LINAC4 takes a tour of Europe

Along the German Autobahnen, a truck carrying 20 tonnes of copper is on its way to Poland. The metal has already made a short tour of Europe, yet the drive across the high-speed highway is only the beginning of its transformation into CERN’s next linear accelerator, LINAC4.


Grzegorz Wrochna (left), director of the Andrzej Soltan Institute for Nuclear Studies (IPJ), and Rolf Heuer (right), CERN DG, sign the framework agreement between the two institutes.

By the summer of 2012, the PI-Mode Structures (PIMS) will be constructed and completely installed in the LINAC4 tunnel. The PIMS cavities are the final accelerating structures needed for LINAC4, and have been designed to accelerate protons from 100 to 160MeV. While the first cavity was built entirely at CERN, construction of the remaining cavities has become a larger, multi-national operation.

In a 1 million euro framework agreement signed on 11 February by the Director-General, the Andrzej Soltan Institute for Nuclear Studies in Swierk (Poland) was given the task of constructing the PIMS cavities. They will work in collaboration with the Forschungszentrum Jülich in Germany to complete the work within the next 18 months. “By spreading production across various institutes, we can share CERN technology with our partner laboratories while also reducing the overall costs and manpower,” says Frank Gerigk, the project engineer responsible for the Linac4 accelerating structures.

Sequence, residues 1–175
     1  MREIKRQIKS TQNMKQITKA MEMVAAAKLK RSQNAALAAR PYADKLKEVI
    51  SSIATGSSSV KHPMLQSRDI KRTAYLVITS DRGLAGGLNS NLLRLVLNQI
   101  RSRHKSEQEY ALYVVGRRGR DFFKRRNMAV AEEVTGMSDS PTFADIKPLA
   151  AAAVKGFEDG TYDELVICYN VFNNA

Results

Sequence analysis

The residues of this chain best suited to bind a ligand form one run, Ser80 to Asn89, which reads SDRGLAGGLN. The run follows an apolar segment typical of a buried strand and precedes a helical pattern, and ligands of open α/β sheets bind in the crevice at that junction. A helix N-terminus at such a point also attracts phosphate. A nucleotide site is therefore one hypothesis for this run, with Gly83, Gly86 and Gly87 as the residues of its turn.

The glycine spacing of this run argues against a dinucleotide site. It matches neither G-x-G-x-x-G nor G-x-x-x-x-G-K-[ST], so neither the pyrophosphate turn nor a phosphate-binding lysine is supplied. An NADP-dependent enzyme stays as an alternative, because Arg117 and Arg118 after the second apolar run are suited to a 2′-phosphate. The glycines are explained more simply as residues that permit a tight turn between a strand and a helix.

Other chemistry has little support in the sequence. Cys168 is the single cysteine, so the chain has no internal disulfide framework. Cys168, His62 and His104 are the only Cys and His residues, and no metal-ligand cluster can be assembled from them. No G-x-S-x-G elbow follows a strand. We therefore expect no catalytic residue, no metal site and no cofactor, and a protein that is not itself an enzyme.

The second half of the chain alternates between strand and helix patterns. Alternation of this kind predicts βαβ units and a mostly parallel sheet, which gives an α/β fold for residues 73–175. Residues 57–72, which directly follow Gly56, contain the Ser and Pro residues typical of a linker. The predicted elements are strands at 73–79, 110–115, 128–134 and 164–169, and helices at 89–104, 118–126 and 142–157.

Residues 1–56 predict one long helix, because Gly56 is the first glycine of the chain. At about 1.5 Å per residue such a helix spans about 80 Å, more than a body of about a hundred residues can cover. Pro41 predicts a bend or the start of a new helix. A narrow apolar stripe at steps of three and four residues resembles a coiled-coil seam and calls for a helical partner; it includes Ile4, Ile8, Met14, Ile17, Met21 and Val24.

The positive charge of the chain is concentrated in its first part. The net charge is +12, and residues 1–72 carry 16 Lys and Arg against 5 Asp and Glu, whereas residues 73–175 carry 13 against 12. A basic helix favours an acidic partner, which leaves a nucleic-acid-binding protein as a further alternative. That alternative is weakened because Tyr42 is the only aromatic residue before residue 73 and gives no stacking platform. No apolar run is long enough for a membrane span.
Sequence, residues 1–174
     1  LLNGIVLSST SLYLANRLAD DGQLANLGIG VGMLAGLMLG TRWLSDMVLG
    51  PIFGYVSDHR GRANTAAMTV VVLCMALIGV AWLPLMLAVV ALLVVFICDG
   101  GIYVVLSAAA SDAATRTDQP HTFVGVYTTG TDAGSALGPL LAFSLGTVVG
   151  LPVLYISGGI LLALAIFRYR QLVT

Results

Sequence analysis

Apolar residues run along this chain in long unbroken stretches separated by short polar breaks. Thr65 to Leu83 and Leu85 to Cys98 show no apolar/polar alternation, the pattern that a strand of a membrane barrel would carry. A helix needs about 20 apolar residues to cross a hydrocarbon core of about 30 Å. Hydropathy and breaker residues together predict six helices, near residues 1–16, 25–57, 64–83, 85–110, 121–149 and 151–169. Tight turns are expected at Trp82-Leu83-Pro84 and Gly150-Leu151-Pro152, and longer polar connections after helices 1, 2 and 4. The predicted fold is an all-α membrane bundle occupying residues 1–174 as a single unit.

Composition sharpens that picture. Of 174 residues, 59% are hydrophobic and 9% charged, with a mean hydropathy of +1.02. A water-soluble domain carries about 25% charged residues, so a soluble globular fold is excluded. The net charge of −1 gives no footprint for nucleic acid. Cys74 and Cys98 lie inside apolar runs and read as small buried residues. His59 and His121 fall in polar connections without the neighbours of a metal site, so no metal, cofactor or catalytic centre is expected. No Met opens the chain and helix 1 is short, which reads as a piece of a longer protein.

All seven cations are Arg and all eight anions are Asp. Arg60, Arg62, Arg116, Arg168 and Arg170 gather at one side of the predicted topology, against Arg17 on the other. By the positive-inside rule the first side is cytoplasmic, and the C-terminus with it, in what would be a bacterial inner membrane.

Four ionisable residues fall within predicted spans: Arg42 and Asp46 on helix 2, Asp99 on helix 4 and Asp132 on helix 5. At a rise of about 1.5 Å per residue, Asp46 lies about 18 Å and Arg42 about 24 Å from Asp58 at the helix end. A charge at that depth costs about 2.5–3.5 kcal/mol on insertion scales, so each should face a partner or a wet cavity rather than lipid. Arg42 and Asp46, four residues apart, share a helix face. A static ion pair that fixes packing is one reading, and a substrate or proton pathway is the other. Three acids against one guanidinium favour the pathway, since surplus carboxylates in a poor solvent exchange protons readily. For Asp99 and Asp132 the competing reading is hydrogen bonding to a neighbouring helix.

“PIMS cavities have previously only been used to accelerate electrons, so constructing 12 modules for low-energy proton acceleration is a venture that only cutting-edge research institutes could take,” says Tadeusz Kurtyka, from the Office of the Director for Accelerators and Technology. “After they’ve finished construction, the Soltan Institute will be able to use the CERN technology developed for the cavities in their future accelerator projects, developing industrial and medical electron accelerators.”

The PIMS prototype designed and built at CERN.

Monitoring the construction of the 12 PIMS cavities will require a degree in geography as well as engineering! It took over 18 months for CERN to amass the 40 tonnes of difficult-to-produce, 3D forged copper from a French supplier required for the cavities. First used to construct the original PIMS module at CERN, the copper now makes its way to the Soltan Institute in Poland. From there, it will visit the Jülich centre for a sample of their prestigious welding techniques. Finally, the finished cavities will make their way back to CERN, two at a time, for assembly and final tuning.

This summer, the first PIMS cavity will complete its journey at CERN, where it will immediately be tested and prepared for installation. When the final cavity arrives in July 2012, after assembly and tuning, installation will immediately begin inside the LINAC4 tunnel.

by Katarina Anthony